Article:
According to the article, the existence of private or non-profit non-state Universities is a reality in many European countries, which has resulted under specific historical and political circumstances and through diverse processes. In Europe we can identify both good practices and bad practices in that field. However, this issue has not been included in the European higher education agenda so far. The only indirect reference can be found in the phrasing of the Berlin Communiqué and the Prague Communiqué that “Higher education is a public good and a public responsibility”. The reference to the public responsibility has been used in order to cover the state responsibility for laws and regulations governing all types of higher education institutions (state-run, private, non-profit non-state).
The article concludes with the requirements under which the debate on private or non-profit non-state higher education institutions could be accomplished in Greece, even out of the European agenda. Primary requirement, according to the article, should be that the supporters of the necessity for private or non-profit non-state higher education institutions present and analyse their proposals and their arguments and stop remaining silent, as is the case so far. Furthermore, the article sets a number of concrete questions to which the supporters of the proposals are invited to answer clearly.
In the meanwhile, the article deals with two issues which are connected to the affair of private or non-profit non-state higher education institutions, at least in the context of the debate occurring in Greece. First issue is the concept of the entrepreneurial functioning of the higher education institutions seeking for resources other than the state funding in order to face the financial cuts of the last decade. According to the article, it is necessary to distinguish this type of functioning of the institutions from the overall discussions on private or non-profit non-state higher education institutions.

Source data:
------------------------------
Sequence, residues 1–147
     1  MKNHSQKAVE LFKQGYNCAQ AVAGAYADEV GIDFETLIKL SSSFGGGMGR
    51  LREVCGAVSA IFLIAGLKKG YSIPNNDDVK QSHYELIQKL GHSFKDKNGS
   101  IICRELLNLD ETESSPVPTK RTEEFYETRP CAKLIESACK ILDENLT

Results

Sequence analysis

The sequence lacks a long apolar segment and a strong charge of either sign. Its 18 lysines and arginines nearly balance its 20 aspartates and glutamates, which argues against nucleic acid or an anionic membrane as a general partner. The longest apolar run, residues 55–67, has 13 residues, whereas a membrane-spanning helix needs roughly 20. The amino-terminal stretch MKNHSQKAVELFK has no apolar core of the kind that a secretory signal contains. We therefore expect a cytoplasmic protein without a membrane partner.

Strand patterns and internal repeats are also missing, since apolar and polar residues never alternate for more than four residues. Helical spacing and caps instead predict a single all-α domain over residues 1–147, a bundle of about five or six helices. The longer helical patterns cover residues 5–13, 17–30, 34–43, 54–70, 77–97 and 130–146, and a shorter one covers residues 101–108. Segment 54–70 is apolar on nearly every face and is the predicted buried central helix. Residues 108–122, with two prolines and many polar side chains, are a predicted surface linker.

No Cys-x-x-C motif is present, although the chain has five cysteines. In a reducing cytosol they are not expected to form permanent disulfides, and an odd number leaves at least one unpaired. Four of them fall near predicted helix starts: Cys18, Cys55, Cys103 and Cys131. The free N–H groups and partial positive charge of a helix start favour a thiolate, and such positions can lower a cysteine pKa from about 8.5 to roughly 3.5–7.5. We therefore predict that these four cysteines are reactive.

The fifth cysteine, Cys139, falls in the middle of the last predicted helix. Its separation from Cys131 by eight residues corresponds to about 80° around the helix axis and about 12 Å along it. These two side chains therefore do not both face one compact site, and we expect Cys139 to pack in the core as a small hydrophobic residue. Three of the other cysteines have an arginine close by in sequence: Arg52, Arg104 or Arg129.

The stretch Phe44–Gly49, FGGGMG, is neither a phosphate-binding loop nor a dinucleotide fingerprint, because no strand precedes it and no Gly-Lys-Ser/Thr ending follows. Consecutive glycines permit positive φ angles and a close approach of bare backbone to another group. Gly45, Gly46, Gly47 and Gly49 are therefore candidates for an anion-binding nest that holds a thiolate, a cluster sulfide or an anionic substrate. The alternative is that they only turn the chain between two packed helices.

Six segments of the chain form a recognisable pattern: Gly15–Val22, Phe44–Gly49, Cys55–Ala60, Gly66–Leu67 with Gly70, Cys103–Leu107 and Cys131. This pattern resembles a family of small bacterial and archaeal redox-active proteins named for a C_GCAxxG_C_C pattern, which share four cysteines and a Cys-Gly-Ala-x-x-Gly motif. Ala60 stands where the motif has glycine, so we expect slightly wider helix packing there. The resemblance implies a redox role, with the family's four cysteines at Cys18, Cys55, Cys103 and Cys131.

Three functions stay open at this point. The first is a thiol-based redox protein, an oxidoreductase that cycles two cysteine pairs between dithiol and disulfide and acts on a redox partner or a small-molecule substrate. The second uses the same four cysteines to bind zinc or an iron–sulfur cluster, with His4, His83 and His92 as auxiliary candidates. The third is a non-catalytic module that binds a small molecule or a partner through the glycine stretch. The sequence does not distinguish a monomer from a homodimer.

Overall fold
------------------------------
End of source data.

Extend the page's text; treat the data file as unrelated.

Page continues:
And second issue is the one related to the existence of private educational enterprises in Greece which provide higher education services, cooperating on a franchising basis with Universities from other countries, against the Greek Constitution which reserves exclusively to the state the right to provide higher education. According to the article, the Greek Government has to set a clear policy to that end. If the Greek Government has the view that these enterprises are functioning on an illegal basis, then it has to take away their licences. If, in contrary, the Government considers the functioning of these enterprises as legal, then it should establish a system of accreditation for them.
Recently, a rapid increase in the number of private universities throughout the country is clearly visible. Today, the number of the private universities accounts for 23 of 76 universities. The enrollment in these private universities accounts for 6.2 per cent of all students in higher education. The number of faculties in these universities accounts for 6.6 per cent of all faculties in all universities. Most of the private universities are located in İstanbul, Ankara and Izmir and the instruction in these universities are implemented in a foreign language. Expansion of the private universities can contribute to increase the schooling rate, which is 18 percent now at the higher education level.
The point is that there has always been an effort to change universities in Turkey to respond to the needs of the society whereas universities generally have been institutions that change society. A suggestion for the private universities is that they should look for strategies that make them unique- not same or similar. Some of them may concentrate on graduate education while some them on research, or social sciences etc.